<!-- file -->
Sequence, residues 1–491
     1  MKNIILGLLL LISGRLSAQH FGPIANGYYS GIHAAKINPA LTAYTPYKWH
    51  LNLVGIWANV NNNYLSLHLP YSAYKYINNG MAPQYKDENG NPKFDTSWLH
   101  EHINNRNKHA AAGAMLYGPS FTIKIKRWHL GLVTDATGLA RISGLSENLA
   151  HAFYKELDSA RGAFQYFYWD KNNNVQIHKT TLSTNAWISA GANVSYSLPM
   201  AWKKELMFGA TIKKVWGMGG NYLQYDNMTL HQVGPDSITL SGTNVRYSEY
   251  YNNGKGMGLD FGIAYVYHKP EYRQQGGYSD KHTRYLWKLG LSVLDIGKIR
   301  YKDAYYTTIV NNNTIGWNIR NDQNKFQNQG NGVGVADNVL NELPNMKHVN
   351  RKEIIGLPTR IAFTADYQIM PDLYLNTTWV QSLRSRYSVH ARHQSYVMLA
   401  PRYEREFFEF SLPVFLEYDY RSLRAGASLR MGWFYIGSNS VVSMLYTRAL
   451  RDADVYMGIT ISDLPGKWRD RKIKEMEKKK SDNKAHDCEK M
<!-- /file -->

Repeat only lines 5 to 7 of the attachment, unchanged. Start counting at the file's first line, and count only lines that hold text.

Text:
   151  HAFYKELDSA RGAFQYFYWD KNNNVQIHKT TLSTNAWISA GANVSYSLPM
   201  AWKKELMFGA TIKKVWGMGG NYLQYDNMTL HQVGPDSITL SGTNVRYSEY
   251  YNNGKGMGLD FGIAYVYHKP EYRQQGGYSD KHTRYLWKLG LSVLDIGKIR